Papal Paradox: Curb Global Warming, But Don’t Curb Population Growth?

Posted on June 29, 2015


Yea, verily, I say unto thee, the Apocalypse is upon us, and it ain’t the Apocalypse of John. It’s more like Genesis in high-speed reverse.


In his recent encyclical, the Pope says global warming is real, is a threat, and is partly caused by humans. I love him for that.  What I don’t love so much, though, is his stance that controlling human population growth is not the answer; that the answer is to end our culture of over-consumption by a few wealthy nations and individuals, to promote equity throughout the world, and to end poverty. To this I say: he is just as willfully blind on the damage done by overpopulation, as the wealthy consumers are concerning the damage done by their selfish lifestyles. Both of these things, together, are the problem.

It’s simple logic. The Earth is finite. Every single thing that we hunt, or fish, or produce, or use, or farm, or build, or make, or dispose of – all of it, every shred, has some impact on the environment, in the form of depletion, pollution, or other damage. More people means more damage, and fewer resources to go around. More individual consumption means more damage, and fewer resources to go around.

Let’s over-simplify for a moment, and say that Mother Earth can sustainably give $100 per year to her human offspring. Let’s say, for a simple argument, that the lowest possible subsistence level amounts to 50 cents. Let’s say there are a hundred people, and sharing is inequitable; then maybe ten people have five dollars each, and the other 90 people only get 55 cents each. The Pope would have us share equitably, so that our population of 100 people gets one dollar each. Sounds great, but let the population spike up to 250 or so, and now everyone is below the subsistence level of 50 cents. Divide it up as you like to try to save your own skins and let others starve, but in the final accounting, the only numbers that matter to the environment are the grand totals. In real life, fixing inequities and reducing consumption won’t solve the problem if the population continues to balloon. And balloon it has… it has not just doubled, it has more than tripled in the last century alone.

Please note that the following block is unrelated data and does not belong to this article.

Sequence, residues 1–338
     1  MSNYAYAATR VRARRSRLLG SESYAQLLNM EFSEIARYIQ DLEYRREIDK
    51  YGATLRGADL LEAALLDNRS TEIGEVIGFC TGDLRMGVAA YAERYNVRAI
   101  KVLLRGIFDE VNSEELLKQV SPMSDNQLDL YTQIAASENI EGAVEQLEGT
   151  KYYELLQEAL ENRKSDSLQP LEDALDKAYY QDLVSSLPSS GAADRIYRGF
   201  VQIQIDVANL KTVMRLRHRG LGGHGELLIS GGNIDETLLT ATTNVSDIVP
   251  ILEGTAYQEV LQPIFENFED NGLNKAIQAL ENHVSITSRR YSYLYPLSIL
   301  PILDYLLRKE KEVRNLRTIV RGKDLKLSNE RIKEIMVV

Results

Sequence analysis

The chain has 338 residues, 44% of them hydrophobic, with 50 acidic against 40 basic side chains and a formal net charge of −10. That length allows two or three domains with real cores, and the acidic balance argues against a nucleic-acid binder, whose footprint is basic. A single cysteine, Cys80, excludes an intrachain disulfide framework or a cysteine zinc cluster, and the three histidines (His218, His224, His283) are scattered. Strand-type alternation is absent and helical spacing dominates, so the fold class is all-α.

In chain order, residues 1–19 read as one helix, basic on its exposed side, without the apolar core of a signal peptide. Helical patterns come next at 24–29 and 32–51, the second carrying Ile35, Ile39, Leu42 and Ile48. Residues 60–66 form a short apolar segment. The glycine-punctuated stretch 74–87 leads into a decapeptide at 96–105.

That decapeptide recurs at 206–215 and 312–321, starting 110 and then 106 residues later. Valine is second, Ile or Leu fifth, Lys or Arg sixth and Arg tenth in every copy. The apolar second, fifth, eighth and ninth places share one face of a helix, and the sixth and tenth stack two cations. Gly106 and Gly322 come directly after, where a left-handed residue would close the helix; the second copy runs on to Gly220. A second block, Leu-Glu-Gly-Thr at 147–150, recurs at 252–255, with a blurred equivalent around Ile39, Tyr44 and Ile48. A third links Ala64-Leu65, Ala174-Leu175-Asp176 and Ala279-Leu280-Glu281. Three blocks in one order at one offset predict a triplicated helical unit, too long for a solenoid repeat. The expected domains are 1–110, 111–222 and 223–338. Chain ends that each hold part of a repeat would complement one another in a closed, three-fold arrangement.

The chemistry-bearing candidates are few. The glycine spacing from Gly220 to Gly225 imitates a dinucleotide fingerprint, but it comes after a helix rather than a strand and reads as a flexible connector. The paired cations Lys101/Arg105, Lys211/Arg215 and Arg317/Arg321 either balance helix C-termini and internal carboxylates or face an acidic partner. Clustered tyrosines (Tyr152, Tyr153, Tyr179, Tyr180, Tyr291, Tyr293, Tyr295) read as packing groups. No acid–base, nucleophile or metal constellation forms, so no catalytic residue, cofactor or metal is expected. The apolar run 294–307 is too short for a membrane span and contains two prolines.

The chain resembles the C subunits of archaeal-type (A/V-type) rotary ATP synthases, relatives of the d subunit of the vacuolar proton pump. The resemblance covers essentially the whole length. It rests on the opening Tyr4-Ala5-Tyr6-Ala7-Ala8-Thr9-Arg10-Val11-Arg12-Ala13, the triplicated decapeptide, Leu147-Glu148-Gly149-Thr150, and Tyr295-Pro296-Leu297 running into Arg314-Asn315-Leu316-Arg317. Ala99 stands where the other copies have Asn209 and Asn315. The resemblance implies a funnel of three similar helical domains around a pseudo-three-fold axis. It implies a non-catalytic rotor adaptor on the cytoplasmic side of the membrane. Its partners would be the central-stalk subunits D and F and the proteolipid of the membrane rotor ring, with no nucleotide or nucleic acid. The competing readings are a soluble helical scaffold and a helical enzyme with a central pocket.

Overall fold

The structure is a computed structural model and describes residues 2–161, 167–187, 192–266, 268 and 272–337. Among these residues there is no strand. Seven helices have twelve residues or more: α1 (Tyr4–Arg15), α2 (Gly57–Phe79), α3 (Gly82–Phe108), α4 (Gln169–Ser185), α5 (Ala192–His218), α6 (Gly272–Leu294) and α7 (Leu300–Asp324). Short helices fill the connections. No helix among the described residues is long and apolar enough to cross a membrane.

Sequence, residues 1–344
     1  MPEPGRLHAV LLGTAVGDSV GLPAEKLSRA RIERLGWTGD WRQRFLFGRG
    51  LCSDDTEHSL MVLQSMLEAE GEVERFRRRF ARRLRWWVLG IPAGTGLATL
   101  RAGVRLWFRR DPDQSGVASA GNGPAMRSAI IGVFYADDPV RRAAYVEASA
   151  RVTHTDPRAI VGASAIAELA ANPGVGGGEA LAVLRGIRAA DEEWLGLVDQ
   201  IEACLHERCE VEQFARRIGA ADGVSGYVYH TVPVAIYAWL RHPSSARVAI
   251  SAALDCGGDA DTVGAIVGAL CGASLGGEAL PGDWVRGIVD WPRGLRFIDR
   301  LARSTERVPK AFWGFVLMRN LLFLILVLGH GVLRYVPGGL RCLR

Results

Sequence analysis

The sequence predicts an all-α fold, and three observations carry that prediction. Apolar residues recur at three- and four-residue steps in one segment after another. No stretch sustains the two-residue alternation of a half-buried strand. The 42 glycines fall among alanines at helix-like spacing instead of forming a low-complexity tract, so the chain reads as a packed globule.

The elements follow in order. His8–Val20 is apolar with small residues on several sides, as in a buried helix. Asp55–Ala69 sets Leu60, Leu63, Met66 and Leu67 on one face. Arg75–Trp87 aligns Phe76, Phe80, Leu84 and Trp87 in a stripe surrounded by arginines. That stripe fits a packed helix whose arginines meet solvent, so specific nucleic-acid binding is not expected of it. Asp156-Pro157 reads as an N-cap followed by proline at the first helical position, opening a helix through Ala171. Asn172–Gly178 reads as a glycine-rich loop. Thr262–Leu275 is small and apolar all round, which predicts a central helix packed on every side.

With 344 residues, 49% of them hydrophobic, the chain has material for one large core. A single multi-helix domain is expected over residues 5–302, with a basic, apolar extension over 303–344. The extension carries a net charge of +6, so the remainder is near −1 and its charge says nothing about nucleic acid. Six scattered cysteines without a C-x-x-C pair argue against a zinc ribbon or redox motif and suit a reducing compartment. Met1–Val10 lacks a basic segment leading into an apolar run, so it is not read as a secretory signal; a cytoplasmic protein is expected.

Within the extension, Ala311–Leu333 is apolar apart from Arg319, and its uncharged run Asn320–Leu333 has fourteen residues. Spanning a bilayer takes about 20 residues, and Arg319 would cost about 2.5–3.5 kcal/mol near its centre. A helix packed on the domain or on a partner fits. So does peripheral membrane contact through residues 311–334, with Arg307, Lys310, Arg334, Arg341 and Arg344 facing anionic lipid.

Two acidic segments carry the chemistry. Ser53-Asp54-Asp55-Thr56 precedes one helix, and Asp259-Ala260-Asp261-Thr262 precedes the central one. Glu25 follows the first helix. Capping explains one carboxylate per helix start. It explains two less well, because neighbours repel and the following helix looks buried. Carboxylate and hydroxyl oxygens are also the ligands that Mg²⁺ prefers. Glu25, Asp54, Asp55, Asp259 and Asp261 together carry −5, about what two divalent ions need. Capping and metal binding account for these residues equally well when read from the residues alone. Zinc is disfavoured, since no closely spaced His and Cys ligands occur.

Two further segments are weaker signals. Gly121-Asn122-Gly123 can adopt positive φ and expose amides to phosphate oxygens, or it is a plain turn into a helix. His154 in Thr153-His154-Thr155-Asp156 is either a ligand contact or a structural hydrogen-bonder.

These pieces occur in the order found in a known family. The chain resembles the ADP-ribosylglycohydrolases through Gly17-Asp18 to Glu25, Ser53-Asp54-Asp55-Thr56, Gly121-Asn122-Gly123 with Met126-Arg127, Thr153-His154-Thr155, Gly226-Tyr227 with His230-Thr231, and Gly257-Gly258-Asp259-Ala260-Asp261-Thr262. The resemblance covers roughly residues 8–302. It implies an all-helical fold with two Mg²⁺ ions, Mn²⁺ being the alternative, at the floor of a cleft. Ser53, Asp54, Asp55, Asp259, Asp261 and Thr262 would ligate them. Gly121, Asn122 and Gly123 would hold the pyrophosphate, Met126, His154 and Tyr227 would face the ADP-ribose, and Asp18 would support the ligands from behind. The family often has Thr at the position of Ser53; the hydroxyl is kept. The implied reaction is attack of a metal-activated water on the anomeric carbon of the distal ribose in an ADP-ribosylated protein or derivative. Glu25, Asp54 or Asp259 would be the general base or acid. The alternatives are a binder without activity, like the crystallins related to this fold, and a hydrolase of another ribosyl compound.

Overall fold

Yes, yes, I realize that the $100 example is a gross over-simplification, but the analogy holds. Extracting more fossil energy means more toxic pollution. Growing more crops means more depletion of groundwater and natural habitat. And so on. Everything is a trade-off, everything has an impact. And thanks to both a skyrocketing human population level never… never, ever… seen before, and a throwaway culture of over-consumption, those impacts have snowballed to disaster levels. Yea, verily, I say unto thee, the Apocalypse is upon us, and it ain’t the Apocalypse of John. It’s more like Genesis in high-speed reverse.

For decades now, we have been over-drawing our accounts with Nature, removing renewable resources far faster than they can be replenished. We are a bunch of rioting chimps ripping Eden up faster than God created it, and it is as much an issue of sheer unsustainable numbers as it is sheer unsustainable consumption.

I think the Pope knows, on some level that he cannot admit, that overpopulation absolutely is part of the problem. His encyclical is riddled with such telltale declarations as these:

“The earth, our home, is beginning to look more and more like an immense pile of filth. In many parts of the planet, the elderly lament that once beautiful landscapes are now covered with rubbish.”

“It is not only a question of industrial waste. Detergents and chemical products, commonly used in many places of the world, continue to pour into our rivers, lakes and seas.”

“… we are conscious of the disproportionate and unruly growth of many cities, which have become unhealthy to live in, not only because of pollution caused by toxic emissions but also as a result of urban chaos, poor transportation, and visual pollution and noise. Many cities are huge, inefficient structures, excessively wasteful of energy and water.”

All true, but overpopulation and mismanagement have more to do with these scenarios than over-consumption somewhere else. In Delhi, for instance, the city is so crammed with people, and so filled with haphazardly thrown-together slums pilfering from the water supply, that in many parts of the city no water ever reaches the taps. Residents spend many hours per day just trying to get water, and must pay for the dubious privilege of a bucket of silty stuff from a vendor. This is what overpopulation looks like; this is the kind of poverty that results. There are only so many gallons of water in the system; there are too many people; once the water is pulled from the system, there just isn’t any more to be had.

And that is an apt analogy for the finite Earth, as well. As the Pope sadly writes:

“Each year sees the disappearance of thousands of plant and animal species which we will never know, which our children will never see, because they have been lost for ever. The great majority become extinct for reasons related to human activity. Because of us, thousands of species will no longer give glory to God by their very existence, nor convey their message to us. We have no such right.”